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Victorian Flatbush

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Victorian Flatbush

Victorian Flatbush is the western section of the Flatbush section of Brooklyn, New York, bordering Midwood, that is characterized by Victorian houses. Much of it is usually now thought of as part of Ditmas Park.

The neighborhoods of Victorian Flatbush were developed in the early twentieth century from farmland in the former village of Flatbush, in response to the construction of the Brooklyn Rapid Transit line to Coney Island, and were some of the earliest suburbs. Developers including Dean Alvord, Lewis Pounds and particularly Thomas Benton Ackerson sold the new developments as country living, under the name "The Village in the City". Utilities and the subway were buried underground, and the area was carefully laid out with tree-lined avenues and country clubs. The detached houses, many of them large and no two alike, were designed in fashionable styles including "Victorian, Queen Anne, shingle style, colonial revival, neo-Tudor, Spanish Mission and Georgian", with porches and columns, and in many cases bay windows, turrets, and stained glass, and the area resembles other parts of the US more than it does the rest of New York. It is one of the largest collections of Victorian houses in the country. There has been rezoning to guard against oversize buildings near Coney Island Avenue.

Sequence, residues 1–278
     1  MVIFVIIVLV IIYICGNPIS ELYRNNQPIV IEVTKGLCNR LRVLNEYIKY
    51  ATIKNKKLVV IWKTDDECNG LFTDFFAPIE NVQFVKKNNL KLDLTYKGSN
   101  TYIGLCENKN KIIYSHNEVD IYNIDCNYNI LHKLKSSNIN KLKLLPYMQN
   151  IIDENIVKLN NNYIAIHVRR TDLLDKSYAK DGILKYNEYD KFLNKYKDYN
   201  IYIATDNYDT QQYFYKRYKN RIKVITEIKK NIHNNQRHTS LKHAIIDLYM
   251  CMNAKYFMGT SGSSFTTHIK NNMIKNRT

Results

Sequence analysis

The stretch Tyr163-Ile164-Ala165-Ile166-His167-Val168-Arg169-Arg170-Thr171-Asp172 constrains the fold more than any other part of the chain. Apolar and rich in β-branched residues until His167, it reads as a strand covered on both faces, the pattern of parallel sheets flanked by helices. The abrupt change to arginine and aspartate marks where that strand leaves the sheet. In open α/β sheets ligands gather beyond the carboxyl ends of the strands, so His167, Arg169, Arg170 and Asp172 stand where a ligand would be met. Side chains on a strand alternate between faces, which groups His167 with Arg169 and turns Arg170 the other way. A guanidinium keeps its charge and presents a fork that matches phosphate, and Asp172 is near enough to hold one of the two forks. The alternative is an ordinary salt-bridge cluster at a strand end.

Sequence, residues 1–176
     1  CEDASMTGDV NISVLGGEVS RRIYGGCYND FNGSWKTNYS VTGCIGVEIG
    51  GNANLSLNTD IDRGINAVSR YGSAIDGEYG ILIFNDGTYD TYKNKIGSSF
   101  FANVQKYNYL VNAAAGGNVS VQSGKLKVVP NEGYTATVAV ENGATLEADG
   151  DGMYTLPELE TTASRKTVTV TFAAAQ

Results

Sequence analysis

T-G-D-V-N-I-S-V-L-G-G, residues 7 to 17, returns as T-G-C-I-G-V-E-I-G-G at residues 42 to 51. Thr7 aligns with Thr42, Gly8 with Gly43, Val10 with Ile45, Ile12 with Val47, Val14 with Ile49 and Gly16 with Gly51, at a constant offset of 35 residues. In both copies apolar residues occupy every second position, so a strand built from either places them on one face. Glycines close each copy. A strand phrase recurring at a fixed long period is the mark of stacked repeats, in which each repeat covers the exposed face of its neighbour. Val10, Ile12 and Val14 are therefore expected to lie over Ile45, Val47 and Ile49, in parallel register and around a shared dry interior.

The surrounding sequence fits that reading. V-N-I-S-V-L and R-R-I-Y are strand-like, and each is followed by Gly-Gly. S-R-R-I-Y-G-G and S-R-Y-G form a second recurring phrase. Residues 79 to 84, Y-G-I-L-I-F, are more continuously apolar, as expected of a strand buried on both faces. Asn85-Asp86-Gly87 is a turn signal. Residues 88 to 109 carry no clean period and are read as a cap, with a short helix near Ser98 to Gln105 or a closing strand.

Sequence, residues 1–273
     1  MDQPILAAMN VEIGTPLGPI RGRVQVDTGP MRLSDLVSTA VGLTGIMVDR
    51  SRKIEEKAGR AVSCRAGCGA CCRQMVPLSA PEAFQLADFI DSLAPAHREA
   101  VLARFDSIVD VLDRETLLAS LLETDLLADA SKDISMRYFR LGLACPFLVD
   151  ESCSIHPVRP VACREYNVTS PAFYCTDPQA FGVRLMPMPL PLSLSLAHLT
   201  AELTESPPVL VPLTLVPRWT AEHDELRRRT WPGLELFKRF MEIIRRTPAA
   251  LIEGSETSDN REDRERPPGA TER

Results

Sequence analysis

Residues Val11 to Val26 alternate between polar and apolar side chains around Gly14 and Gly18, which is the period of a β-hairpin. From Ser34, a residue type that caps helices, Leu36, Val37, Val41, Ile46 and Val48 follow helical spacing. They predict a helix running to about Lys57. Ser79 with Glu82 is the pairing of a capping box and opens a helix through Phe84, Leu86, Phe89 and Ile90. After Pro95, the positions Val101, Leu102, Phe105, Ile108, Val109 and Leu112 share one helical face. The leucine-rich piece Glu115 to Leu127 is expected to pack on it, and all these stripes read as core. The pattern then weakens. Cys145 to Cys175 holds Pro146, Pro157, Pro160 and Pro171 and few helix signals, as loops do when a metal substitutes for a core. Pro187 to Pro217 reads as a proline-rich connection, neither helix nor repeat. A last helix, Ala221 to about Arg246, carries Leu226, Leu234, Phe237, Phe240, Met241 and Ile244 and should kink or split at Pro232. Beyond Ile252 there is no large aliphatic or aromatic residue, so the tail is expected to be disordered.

Victorian Flatbush is in the western part of Flatbush, bounded approximately by Prospect Park South or Church Avenue in the north and Avenue H in the south, and by Flatbush Avenue in the east and Coney Island Avenue in the west. It includes a dozen neighborhoods or enclaves:

  • Albemarle-Kenmore Terraces, designated a New York City historic district in July 1978
  • The Beverley Squares, Beverley Square East and Beverley Square West, major focuses of Ackerson's building
  • Caton Park, sometimes called NoProPaSo (North of Prospect Park South)
  • Ditmas Park, Ditmas Park Historic District designated a historic district in July 1981
  • Ditmas Park West
  • Fiske Terrace, designated a historic district in March 2008 with Midwood Park
  • Midwood Park, designated a historic district in March 2008 with Fiske Terrace
  • Newkirk
  • Prospect Park South
  • South Midwood, bordering the Brooklyn College campus to the north
  • West Midwood, with a large number of houses designed by Ackerson
  • Many parts of Victorian Flatbush, particularly those centered on Cortelyou Road—Ditmas Park West and the Beverley Squares—are now usually thought of as part of Ditmas Park. It has also been identified with Midwood.

    The Flatbush-Tompkins Congregational Church on 19th Street in the Ditmas Park Historic District is often used for community meetings. Victorian Flatbush now includes five New York City historic districts, and residents of the sections that have not yet been designated city historic districts are working with the Flatbush Development Corporation and the Historic Districts Council to win designation.


    Victorian Flatbush Wikipedia

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